Advocating for Change

Ed Kashi

Ed Kashi

When can taking photos help resolve a health crisis? When your mission is to educate and change people’s minds about the way things really are. Photojournalist Ed Kashi does just that as he takes on issues that stir his passions about the state of humanity.

Mr. Kashi achieved recognition with his use of photography, filmmaking, and social media to explore geopolitical and social issues that define our times. His work has taken him to 100 countries, and his clients have included Human Rights Watch,, National Geographic,, New York Times Magazine, The New Yorker, Oxfam, and TIME.

During today’s plenary session, he’ll share why he believes in the power of images to change people’s minds.

“Working on the Aging in America project is where it all came together for me on the level of advocacy and raising awareness by creating work that others could utilize, taking my images to another level of effectiveness,” Mr. Kashi said of his eight-year topographical look at how America is an aging society, and both the pros and cons of what’s to come.

“It was with Aging that I discovered the possibilities in creating work that makes a difference and can be used by a broad range of people, foundations, NGOs, and academia to advance a cause, create more awareness, legislate, and advocate for change,” he said.

Much of Mr. Kashi’s work exposes geopolitical and social issues, including those that uncover health care crises. During today’s plenary, he will take attendees on a visual journey through his projects addressing early Alzheimer’s disease, ending river blindness in Senegal, and chronic kidney disease (CKD) of unknown origins.

Plenary Session (G4)
11:45 a.m.-1:15 p.m., Tuesday
Ballroom A One (Level 2), KBHCCD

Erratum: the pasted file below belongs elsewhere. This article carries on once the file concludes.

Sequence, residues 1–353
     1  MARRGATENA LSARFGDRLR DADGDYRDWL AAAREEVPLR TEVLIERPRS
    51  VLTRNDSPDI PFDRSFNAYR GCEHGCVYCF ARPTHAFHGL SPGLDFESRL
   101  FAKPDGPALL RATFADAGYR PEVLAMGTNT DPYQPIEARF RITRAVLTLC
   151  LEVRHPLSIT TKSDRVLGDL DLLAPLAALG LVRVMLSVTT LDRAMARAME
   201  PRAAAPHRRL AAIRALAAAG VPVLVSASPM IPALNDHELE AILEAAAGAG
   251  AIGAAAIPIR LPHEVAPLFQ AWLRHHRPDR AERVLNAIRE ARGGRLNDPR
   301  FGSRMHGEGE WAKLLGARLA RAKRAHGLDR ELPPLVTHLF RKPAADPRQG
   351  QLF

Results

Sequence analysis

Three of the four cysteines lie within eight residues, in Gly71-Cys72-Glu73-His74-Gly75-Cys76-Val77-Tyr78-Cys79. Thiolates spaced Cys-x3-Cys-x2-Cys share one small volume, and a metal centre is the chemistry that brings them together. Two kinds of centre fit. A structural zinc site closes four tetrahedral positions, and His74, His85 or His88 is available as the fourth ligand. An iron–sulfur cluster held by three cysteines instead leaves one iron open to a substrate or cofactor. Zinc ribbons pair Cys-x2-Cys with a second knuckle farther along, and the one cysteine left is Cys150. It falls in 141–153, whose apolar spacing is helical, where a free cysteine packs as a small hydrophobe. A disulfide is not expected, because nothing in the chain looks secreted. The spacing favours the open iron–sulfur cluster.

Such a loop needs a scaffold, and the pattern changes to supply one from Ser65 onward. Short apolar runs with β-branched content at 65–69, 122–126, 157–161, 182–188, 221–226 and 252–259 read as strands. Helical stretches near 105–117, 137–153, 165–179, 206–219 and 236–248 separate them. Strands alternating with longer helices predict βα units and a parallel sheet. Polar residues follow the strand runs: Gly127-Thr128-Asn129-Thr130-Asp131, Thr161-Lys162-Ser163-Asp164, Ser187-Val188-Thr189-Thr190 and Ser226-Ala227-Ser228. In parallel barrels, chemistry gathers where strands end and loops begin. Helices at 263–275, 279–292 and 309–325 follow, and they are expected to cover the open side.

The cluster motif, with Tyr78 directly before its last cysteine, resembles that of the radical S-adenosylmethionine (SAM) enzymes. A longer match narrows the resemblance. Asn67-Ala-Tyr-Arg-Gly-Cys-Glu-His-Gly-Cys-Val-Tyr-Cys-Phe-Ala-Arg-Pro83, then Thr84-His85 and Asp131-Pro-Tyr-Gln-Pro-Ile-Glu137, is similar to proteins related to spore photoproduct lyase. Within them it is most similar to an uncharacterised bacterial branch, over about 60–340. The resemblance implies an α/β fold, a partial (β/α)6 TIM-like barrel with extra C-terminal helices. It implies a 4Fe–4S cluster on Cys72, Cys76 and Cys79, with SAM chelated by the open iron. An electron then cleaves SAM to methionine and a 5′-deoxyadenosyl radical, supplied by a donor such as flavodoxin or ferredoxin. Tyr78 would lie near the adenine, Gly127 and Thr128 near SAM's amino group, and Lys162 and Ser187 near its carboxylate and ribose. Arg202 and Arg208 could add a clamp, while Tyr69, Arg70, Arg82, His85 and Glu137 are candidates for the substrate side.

In 2013 he received a small commission to go to Nicaragua to look at CKD among agricultural workers. “After seeing with my own eyes what was happening, where every day a sugar cane worker was dying from CKD, I resolved to make this an ongoing personal project,”  he said.

“My goal, through collaborating with health care professionals and activists, is to not only raise awareness, but improve working conditions and help to promote international protocols to find the cause, and thereby the cure for this disease,” he said.

Mr. Kashi said he is motivated to be in the middle of issues. By doing so, he finds a piece of reality to report on, from a unique angle or perspective, to shed light in a new way.

“The Niger Delta gave me just this opportunity, to tell a neglected story in a way not yet done,” he said, about his book Curse of the Black Gold: 50 Years of Oil in the Niger Delta.

Do You See What I See?
Kashi’s Photo Essays
Pakistan Encountered
In the Hot Zone: CKDU in Sri Lanka
CKDNT in India
Everyday Climate Change
Sugar Cane & Kidney Disease
Marseille’s Melting Pot
Palliative Care in Mexico
Syrian Refugees
Island of Widows
Northern Nigeria

The piece takes a graphic look at the profound cost of oil exploitation in West Africa through Nigeria’s 50-year history with oil production and the resulting environmental degradation and community conflicts that have plagued the region.

“I had extraordinary access, so my images were able to be graphic, revealing, and ultimately disturbing … which makes them useful for the media, advocates, and educators,” Mr. Kashi said.

Oxfam, the confederation of charitable organizations focused on alleviating global poverty, has commissioned a panel exhibition of his work that has already been shown at Johns Hopkins University and will travel to 10 more universities.

“This is further testament to my goal of creating photography that has power and usefulness beyond the world of photography,” said Mr. Kashi. “I realize photographs cannot change the world in one fell swoop, but they sure can change people’s minds. Isn’t that where change begins?”